Posted by lamine_ba on June 5, 2011 at 1:56 PM PDT
One thing can have several representations but each of the representations means the same thing. Everything is an object and every object has a virtual representation. You don't believe me! Well, look at your shadow... Anonymous
When describing a feature, one must always show to his users the set of contexts in which its use can bring a significant value for them. The feature I'm about to present is called "Multi-templating with JSF 2" and I'm starting today with a simple question. Does it make sense to have a dynamic templating system for the Java Server Faces Framework? What are the set of contexts in which its use can bring a significant value for its users? The answer is self evident for those who are in the right perspective to see the rationale of it. For the others, it might be wise to take the time to find it through the story of this web designer named Jim. So let's start by reading his profile.
Jim is working with a team of 19 web developers and they have the mission to build a web application using the JSF framework. The separation of concerns has been made as easy as to assign to Jim the simple task of designing the master page and to define its look and feel. The web developers in the other hand, have the heavy duty to build the application logic broken into a set of modules and to create the views that will use the master page. Since the release of JSF 2.0 and the advent of its resource handling system, the life of Jim has never been so easy. Where to store the css, the js and the images files was not anymore his question.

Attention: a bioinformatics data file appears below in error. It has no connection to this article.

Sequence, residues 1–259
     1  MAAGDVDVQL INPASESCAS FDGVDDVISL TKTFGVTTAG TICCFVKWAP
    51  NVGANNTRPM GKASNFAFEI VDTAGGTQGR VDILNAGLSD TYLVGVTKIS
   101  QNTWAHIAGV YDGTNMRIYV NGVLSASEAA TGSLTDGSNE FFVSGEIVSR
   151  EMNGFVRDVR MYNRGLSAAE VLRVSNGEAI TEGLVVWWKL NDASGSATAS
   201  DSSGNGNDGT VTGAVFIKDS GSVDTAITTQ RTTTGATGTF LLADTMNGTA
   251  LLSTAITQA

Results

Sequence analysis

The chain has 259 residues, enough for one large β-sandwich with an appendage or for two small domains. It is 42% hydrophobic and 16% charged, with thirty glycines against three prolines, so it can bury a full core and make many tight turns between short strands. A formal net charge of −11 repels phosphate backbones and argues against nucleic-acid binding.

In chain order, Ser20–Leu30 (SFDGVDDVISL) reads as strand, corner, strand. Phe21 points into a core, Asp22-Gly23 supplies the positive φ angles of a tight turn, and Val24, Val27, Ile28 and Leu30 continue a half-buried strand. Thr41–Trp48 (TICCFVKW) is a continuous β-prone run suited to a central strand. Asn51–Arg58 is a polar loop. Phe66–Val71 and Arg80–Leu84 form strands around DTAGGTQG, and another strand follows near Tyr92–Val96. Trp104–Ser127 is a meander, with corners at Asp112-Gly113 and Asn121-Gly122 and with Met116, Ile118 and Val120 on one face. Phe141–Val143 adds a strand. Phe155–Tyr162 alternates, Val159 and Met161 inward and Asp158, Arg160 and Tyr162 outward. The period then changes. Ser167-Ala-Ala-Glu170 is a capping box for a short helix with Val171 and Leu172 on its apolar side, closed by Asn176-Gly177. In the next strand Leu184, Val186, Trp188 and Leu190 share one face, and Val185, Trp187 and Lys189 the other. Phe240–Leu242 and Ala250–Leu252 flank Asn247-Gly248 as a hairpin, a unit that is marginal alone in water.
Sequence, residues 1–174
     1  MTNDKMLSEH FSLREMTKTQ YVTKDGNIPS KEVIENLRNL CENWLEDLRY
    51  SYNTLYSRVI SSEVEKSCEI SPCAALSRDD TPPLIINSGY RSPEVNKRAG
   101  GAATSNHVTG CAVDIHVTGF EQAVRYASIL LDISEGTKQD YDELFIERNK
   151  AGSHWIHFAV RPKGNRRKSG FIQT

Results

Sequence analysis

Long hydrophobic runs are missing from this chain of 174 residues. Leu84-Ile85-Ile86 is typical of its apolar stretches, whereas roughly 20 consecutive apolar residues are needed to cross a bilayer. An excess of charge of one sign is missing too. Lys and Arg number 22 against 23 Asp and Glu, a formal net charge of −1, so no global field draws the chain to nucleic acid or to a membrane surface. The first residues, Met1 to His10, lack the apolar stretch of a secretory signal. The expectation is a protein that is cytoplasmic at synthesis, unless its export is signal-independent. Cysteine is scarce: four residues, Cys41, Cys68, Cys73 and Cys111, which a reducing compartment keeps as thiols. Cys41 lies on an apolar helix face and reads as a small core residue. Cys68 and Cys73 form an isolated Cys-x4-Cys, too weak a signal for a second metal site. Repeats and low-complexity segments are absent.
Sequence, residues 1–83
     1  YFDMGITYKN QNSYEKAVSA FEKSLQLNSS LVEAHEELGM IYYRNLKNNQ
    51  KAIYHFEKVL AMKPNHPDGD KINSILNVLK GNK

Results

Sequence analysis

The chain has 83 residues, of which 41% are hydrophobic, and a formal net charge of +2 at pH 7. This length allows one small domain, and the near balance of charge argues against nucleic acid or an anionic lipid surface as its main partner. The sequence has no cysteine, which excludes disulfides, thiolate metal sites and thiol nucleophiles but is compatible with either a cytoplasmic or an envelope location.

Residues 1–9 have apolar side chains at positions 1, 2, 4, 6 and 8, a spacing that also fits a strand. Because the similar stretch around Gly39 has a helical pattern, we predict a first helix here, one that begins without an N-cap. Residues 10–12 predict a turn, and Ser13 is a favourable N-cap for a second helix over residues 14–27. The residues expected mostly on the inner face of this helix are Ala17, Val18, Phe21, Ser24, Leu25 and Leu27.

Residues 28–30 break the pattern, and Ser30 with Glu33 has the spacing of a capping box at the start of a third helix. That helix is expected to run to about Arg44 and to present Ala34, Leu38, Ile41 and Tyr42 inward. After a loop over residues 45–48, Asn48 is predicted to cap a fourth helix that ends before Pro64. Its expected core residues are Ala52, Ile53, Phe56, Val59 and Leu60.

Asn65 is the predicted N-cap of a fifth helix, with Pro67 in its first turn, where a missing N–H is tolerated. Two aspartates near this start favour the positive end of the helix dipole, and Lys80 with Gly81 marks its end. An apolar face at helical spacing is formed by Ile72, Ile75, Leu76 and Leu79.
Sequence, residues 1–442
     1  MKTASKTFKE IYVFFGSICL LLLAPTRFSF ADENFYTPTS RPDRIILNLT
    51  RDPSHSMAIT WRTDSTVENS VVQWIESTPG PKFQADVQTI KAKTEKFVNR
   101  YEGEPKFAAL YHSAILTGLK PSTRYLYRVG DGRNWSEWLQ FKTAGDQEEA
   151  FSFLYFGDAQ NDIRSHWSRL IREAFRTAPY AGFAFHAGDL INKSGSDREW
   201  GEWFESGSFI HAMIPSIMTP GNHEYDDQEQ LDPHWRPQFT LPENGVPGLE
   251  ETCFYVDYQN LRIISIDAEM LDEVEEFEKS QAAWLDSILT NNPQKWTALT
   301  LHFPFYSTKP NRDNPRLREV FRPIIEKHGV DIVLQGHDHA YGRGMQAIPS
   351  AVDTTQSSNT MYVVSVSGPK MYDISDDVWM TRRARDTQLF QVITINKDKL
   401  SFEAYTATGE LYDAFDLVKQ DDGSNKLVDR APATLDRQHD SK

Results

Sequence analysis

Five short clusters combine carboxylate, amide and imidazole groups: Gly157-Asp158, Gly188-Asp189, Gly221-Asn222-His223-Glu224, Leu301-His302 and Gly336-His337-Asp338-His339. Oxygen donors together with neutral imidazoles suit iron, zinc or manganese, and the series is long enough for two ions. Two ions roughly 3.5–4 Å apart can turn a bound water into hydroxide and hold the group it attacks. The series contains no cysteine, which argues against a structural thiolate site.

And since he has found with his team the right convention about where to store the master page, their integration process has never been so easy. The root directory has been chosen.
And Jim, like any perfect innocent was living in a perfect world until.........
Until his boss came one day with a new requirement : their lovely JSF application must now be able to change its look and feel at runtime. And Jim to wonder how he could achieve such miracle without a little bit of programming but fortunately he has already understood that changing dynamically the look and feel of a web application means only to build several templates for it. And that a template is nothing more than what we often call a master page or a theme. And that for each template, he has only to create its facelets page and its resources (css, js,images) and store them in the right places.
But what Jim didn't know was, the right places he thought they were, were not in fact the right places to achieve a clean separation. The proof is the message he was getting. His IDE was warning him that there is a file that already exists in the selected destination and that if he wants to overwrite it
And Jim to exclaim "Oh! what a bad and monolithic approach!" and then Jim to ask " How can I do it in a modular way? How to avoid a resource name collision?". And surprisingly the inspiration which came to him was to create a folder for each template and to store the whole thing in a directory named "templates".
But again what Jim didn't know was, all he did were just the beginning of a great inspiration. And he couldn't help asking himself " Hey! If a template has a thumbnail, who can stop me to build a gallery for one to have a preview of it and see what it looks like?"
And to complete his work, Jim brought the rule that a template must always have a metadata for one to know its designer.